May 19, 2017
Chantelle Dubois was just 10 years old when a teacher matter-of-factly told her that she would be going to Career Trek on Saturdays.
“I was in grade six and I remember just being told ‘oh you’re going to go to this program Career Trek’,” says Chantelle. “I don’t remember there being any build up or discussion, it was just like ‘here you go’.”
November 21, 2016
November 20-26 is Education Savings Week!
Dozens of organizations from government agencies, to financial service providers, to organizations like Career Trek raise awareness of the various government financial incentives available to families simply by opening a Registered Education Savings Plan for their children.
Career Trek knows how having savings earmarked for education can go a long way for students and so does Rose Tobacco-Olson, a former Career Trek participant, who is the beneficiary of a Career Trek scholarship.
Rose’s Savings Story
When she was eleven, Rose Tobacco-Olson was sitting at the back of the auditorium at the Wonder of Work convocation ceremony. The year was 2008. She was a bit shy and wasn’t going to attend until her mom told her it was a big day and she should be there.
You see, Rose grew up in the North End of Winnipeg and saw poverty every day and even experienced it herself, so a convocation ceremony for Career Trek seemed unimportant to her young mind, especially when compared to the challenges she faced.
When Rose got to the auditorium she went and sat way at the back and thought to herself that she wasn’t going to win any awards that day.
“And then they called my name,” says Rose. “I had to walk all the way down the stairs and it was just so nerve wracking and really incredible too.”
Rose had won the I Will Succeed Award, a $1,000 RESP given to a Trekker who has great potential to succeeded in future education and career endeavours.
“With Career Trek, everything was so interesting…I knew I had lots of options…it just felt like I could be anything if I wanted,” says Rose. Rose is now 19, studying Human Rights and Political Science and wants to become an international human rights lawyer.
When asked how important it is to receive financial support Rose says, “I think it’s very important…especially if you live in any area like the North End.”
You have this [support] and it’s going to be there for you to help so you don’t have to worry about anything else as you’re going to school,” says Rose. “You just know that this is there and it’s a good push and motivation.”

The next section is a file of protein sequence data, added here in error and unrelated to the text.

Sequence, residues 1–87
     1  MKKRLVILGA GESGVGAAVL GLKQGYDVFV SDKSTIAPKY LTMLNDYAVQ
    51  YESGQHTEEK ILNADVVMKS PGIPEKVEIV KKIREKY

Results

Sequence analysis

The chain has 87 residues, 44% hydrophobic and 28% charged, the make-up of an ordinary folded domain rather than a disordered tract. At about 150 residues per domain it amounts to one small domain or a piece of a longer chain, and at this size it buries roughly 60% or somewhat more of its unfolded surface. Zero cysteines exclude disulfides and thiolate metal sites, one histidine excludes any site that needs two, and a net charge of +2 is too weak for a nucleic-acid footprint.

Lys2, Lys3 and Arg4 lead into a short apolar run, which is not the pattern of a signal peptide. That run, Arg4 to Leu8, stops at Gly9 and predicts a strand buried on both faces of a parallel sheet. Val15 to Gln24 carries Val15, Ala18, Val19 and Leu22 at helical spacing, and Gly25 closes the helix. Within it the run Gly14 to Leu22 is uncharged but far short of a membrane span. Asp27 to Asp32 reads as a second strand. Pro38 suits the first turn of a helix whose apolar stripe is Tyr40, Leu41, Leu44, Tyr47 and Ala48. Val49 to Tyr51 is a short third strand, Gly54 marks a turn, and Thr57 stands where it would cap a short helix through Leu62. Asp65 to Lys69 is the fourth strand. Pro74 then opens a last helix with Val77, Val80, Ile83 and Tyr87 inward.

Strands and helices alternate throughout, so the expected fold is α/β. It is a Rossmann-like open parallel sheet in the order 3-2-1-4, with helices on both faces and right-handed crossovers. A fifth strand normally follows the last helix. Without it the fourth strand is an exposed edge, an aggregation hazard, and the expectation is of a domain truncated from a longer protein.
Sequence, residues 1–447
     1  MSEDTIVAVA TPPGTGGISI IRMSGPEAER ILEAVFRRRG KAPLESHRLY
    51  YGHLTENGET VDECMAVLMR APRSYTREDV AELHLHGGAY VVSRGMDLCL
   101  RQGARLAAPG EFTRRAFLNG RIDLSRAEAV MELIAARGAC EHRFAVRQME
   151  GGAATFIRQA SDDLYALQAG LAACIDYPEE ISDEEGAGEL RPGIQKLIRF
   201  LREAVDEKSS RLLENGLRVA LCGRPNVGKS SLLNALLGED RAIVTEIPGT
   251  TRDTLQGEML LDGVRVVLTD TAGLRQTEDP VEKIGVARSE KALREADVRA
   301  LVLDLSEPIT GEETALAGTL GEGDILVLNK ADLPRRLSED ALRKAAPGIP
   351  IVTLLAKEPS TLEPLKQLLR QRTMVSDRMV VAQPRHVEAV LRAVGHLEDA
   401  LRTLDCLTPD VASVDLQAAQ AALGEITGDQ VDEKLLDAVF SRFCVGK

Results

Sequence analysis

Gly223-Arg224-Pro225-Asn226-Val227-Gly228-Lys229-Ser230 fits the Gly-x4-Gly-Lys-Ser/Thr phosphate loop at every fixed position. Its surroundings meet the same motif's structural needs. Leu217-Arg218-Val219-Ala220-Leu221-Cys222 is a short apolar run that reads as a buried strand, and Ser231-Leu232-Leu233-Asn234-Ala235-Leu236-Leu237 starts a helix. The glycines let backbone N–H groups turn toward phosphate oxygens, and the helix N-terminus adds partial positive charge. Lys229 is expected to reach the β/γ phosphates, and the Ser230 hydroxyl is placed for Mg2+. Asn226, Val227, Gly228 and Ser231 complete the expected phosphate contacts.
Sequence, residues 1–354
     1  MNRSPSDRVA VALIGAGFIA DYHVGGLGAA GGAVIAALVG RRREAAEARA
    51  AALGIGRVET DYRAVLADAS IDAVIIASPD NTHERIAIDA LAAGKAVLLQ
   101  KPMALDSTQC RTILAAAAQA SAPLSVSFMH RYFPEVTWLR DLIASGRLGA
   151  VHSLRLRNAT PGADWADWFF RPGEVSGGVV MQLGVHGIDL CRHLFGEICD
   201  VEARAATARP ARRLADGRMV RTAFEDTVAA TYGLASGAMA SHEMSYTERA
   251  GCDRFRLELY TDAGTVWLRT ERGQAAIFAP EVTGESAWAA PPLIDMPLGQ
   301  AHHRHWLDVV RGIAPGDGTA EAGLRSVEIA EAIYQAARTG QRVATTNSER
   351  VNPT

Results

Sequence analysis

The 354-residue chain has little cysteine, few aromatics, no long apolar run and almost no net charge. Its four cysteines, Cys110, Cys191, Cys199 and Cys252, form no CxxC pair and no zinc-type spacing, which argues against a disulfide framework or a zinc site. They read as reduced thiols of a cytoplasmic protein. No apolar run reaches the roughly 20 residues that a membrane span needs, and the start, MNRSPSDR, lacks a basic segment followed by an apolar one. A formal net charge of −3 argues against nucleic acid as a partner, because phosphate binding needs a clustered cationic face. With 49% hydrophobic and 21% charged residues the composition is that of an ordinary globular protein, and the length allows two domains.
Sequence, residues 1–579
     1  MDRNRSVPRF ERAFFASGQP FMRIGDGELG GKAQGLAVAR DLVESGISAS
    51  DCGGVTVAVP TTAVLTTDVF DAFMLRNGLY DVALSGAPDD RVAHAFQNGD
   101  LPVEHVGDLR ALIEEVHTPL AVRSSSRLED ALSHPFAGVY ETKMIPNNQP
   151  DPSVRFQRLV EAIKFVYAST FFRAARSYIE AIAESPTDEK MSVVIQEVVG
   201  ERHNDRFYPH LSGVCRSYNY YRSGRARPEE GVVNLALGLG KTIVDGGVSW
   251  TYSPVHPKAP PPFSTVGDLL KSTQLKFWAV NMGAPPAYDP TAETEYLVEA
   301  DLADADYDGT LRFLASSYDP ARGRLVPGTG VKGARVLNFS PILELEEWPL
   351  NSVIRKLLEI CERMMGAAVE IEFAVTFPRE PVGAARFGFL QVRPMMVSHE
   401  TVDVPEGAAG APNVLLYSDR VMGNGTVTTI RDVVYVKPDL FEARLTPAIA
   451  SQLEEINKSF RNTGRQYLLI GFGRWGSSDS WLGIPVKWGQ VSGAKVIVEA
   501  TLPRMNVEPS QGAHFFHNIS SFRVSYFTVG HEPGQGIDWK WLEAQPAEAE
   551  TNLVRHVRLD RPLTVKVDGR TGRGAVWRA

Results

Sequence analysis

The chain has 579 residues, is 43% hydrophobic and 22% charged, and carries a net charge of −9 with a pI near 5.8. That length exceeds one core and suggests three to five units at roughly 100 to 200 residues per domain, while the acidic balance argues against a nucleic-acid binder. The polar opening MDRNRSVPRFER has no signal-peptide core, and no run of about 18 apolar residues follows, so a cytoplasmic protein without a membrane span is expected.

Partnering for Student Success
For the past ten-years the Canadian Scholarship Trust Plan has partnered with Career Trek to provide over fifty $1,000 I Will Succeed Scholarship Awards to extraordinary Career Trek participants.
At Career Trek we know that all every child has the potential to be extraordinary, but with the rising cost of post-secondary education, many will need financial support in order to achieve their educational and career dreams.
That’s why two-years ago Career Trek – in partnership with the Canada Scholarship Trust Plan and the Winnipeg Foundation – started its Education Savings Program. The goal of the program is to connect participants and their families to financial resources for post-secondary, namely the Canada Learning Bond (CLB).
The CLB is up to $2,000 that the Government of Canada deposits directly into a child’s Registered Education Savings Plan (RESP) for their child’s education after high school.
In a recent survey, 97 per cent of Canadian parents indicated that they hoped their child would pursue post-secondary education.
There is often a mixture of excitement and a sense of relief after parents open their child’s RESPs and fill out the CLB application.
“She wants to be a surgeon, so this is really going to help,” says one parent.
“Now he can be anything he wants to be,” says another.
“They are going to be the first ones in the family to go to University,” says another.
The Canada Learning Bond isn’t just money – it is encouragement.
What Rose said is worth repeating: “You just know that this is there and it’s a good push and motivation.”